Our technology will be indistinguishable from magic within 50 years and it gives me goosebumps thinking about it.
Imagine the possibilities that advances in supercomputing, quantum computing, and AI/Deep Learning will unlock. 2020-2021 brought us Alphafold2 and, more or less, a solution to the protein folding problem. Imagine what Deepmind and other companies will release in 2071 after fifty more years of progress? What will be possible for us humans once we have the perfect triad of computing: Yottascale su
Så kan samhället hjälpa tidigt födda
Det är natt den 23 augusti 1993 och regnrusk, som om hösten har kommit på tok för tidigt. Inne på Huddinge sjukhus råder febril aktivitet kring en liten flicka, som också har haft bråttom, bara 24 veckor plus en dag har hon legat i magen. Theres Belt, som hon ska få heta, väger 710 gram, är 32 centimeter kort och rödaktig i huden. En läkare säger att hon ser ut som en grillad kyckling. Flera gånge
This Week's Awesome Tech Stories From Around the Web (Through November 13)
COMPUTING Two of World's Biggest Quantum Computers Made in China Charles Q. Choi | IEEE Spectrum "…scientists in China have tested two different quantum computers on what they say are more challenging tasks than [Google's] Sycamore faced and showed faster results. They note their work points to 'an unambiguous quantum computational advantage.' i " SPACE Alternative Rocket Builder SpinLaunch Compl
Huge Frost Chunks Derail Tony Beets's Operation | Gold Rush
Stream Gold Rush on discovery+: #Discovery #GoldRush #TonyBeets Subscribe to Discovery: Follow Us on TikTok: We're on Instagram! Join Us on Facebook: Follow Us on Twitter: From: Discovery
Weekend reads, double edition: Scamming journals to publish gibberish; a whole issue with nothing but retractions; 'the unbearable lightness of scientometric indices'
Welcome to another edition of Weekend Reads. Because our site was down for several days starting last Saturday morning, there was no Weekend Reads last week, and this is a double edition. Before we present this week's Weekend Reads, a question: Do you enjoy our weekly roundup? If so, we could really use your help. … Continue reading
No Electricity? No Problem with These Backup Solutions On Sale Ahead Of Black Friday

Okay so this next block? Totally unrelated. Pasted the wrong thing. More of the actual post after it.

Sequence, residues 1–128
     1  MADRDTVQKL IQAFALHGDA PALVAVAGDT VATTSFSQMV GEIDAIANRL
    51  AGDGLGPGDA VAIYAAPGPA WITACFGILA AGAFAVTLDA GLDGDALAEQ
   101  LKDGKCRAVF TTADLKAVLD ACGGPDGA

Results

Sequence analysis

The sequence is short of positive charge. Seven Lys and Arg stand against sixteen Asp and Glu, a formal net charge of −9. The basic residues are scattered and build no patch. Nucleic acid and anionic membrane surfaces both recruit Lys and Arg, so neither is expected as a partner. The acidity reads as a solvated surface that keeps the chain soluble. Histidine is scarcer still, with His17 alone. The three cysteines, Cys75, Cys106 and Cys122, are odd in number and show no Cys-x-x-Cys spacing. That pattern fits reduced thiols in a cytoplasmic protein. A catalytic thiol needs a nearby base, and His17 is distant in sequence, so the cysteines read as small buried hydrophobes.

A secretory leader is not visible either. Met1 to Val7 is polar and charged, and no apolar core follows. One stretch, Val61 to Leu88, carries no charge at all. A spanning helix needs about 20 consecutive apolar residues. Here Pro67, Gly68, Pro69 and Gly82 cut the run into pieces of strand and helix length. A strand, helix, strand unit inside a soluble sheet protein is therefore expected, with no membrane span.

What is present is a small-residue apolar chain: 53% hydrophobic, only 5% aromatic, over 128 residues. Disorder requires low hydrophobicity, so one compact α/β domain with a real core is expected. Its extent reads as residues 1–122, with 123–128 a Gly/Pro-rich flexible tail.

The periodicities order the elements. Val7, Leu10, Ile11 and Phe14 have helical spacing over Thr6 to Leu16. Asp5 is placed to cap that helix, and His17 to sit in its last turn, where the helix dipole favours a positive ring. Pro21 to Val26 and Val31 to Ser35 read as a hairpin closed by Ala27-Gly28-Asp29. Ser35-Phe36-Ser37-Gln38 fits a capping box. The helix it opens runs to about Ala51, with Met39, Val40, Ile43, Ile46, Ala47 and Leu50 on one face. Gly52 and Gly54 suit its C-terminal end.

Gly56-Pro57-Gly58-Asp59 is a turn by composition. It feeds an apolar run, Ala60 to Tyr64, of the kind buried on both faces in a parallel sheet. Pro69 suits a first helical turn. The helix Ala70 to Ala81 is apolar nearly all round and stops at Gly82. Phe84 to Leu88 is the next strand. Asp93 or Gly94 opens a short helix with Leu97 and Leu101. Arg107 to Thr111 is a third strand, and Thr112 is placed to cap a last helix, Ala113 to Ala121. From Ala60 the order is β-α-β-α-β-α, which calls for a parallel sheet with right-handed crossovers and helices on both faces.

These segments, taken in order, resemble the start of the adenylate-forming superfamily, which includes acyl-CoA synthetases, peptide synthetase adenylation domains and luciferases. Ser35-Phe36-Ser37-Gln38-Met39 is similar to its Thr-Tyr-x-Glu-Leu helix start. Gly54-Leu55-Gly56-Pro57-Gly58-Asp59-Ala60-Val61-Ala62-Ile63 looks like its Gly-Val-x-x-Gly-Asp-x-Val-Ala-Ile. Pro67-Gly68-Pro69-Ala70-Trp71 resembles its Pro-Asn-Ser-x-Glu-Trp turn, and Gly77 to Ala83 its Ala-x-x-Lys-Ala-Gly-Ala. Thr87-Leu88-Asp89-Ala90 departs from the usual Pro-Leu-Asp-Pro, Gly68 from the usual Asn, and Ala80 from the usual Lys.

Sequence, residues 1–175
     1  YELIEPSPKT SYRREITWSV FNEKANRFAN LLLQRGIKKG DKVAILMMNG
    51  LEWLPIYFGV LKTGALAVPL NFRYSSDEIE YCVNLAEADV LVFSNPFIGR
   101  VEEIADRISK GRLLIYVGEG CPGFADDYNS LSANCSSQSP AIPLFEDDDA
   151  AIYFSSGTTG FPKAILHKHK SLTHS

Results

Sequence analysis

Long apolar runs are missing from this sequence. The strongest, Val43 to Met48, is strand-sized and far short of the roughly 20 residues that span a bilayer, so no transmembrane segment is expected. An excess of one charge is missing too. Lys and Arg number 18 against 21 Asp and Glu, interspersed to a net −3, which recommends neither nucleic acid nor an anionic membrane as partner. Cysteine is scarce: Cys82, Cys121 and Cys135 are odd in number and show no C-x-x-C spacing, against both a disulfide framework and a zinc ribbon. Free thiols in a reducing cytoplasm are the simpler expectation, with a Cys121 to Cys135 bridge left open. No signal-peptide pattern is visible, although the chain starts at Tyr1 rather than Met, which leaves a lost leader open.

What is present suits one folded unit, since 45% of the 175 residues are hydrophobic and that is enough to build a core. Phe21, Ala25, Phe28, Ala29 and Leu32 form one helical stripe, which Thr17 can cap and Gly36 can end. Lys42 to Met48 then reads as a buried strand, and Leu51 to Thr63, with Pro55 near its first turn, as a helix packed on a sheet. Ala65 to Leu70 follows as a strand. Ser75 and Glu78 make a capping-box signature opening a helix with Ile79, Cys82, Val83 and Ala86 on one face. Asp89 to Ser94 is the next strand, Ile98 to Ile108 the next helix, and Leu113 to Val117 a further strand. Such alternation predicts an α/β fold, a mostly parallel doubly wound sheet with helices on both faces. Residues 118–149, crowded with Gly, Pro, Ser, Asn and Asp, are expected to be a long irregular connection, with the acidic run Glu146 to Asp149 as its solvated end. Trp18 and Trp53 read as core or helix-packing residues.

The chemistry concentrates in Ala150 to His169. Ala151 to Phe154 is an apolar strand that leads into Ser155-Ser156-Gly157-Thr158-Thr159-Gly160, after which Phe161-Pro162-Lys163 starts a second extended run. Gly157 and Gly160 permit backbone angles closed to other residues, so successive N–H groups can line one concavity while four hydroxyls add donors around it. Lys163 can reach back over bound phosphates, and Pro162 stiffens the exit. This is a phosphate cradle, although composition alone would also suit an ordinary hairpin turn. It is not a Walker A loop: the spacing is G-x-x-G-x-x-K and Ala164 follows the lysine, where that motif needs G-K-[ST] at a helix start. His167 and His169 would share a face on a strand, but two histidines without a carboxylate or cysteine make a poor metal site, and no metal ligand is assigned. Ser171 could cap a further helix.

Imagine being up the creek without a paddle. But worse, imagine that you still managed to make it to wherever you wanted to go, only to realize that you have no means to power up your equipment. In this modern age in which we depend upon electricity and technology, doing without is not an option. Luckily we can count on the sun for solar energy and portable power stations to get us through. So wh
Amazon Rainforest birds' bodies transform due to climate change
The most pristine parts of the Amazon rainforest devoid of direct human contact are being impacted by human-induced climate change, according to new research. New analyses of data collected over the past four decades show that not only has the number of sensitive resident birds throughout the Amazon rainforest declined, but the body size and wing length have changed for most studied species. These
For stem cells, bigger doesn't mean better
A new study suggests that enlargement of stem cells contributes to age-related decline in function. The researchers found that blood stem cells, which are among the smallest cells in the body, lose their ability to perform their normal function — replenishing the body's blood cells — as they grow larger. When the cells were restored to their usual size, they behaved normally again.
Vascular defects appear to underlie the progression of Parkinson's disease
In an unexpected discovery, researchers have identified what appears to be a significant vascular defect in patients with moderately severe Parkinson's disease. The finding could help explain an earlier outcome of the same study, in which the drug nilotinib was able to halt motor and non-motor (cognition and quality of life) decline in the long term.
Best way to avoid procrastination
They say procrastination is the thief of time — actually deadlines are. New research has found that if you want someone to help you out with something, it is best not to set a deadline at all. But if you do set a deadline, make it short.
Team engineers new way to get medication past blood-brain barrier
A team of researchers has developed a new technique to open the blood-brain barrier temporarily to deliver medication to the brain. Getting medication past the brain's unique and protective blood vessels, known as the blood-brain barrier, is one of the biggest challenges in treating brain and central nervous system diseases, according to researchers. The technique uses light and nanoparticles to p
Scientists employ digital esophagus to battle Barrett's
A team has developed a digital tool to better monitor a condition known as Barrett's esophagus, which affects more than 3 million people in the United States. Barrett's occurs when the mucosal lining of the lower esophagus deteriorates, altering its cellular structure, and is most common in those with chronic acid reflux.
The ethics of digital technology in the food sector – the future of data sharing
Imagine a world in which smart packaging for supermarket ready meals updates you in real-time to tell you about carbon footprints, gives live warnings on product recalls, and instant safety alerts because allergens were detected unexpectedly in the factory. But how much extra energy would be used powering such a system? And what if an accidental alert meant you were told to throw away your food fo
You don't have to be rich to live long and prosper | Letters
Billionaires may spend fortunes on trying to cheat death, but there's a much easier way, writes Paul Martinez . Plus letters from Luce Gilmore , George Baugh and Geoff Reid John Harris is surely right to scorn the grotesque sums being spent on "transhumanism" ( If the super-rich want to live for ever our planet is truly doomed, 7 November ), but not all of us can afford, or want to move into, co-
Will VR eliminate sex work?
If we could simulate touch and haptic feedback I wonder if that will be the case. On that note, how many years do you think we will have a viable commercial product that can simulate touch? submitted by /u/fangfried [link] [comments]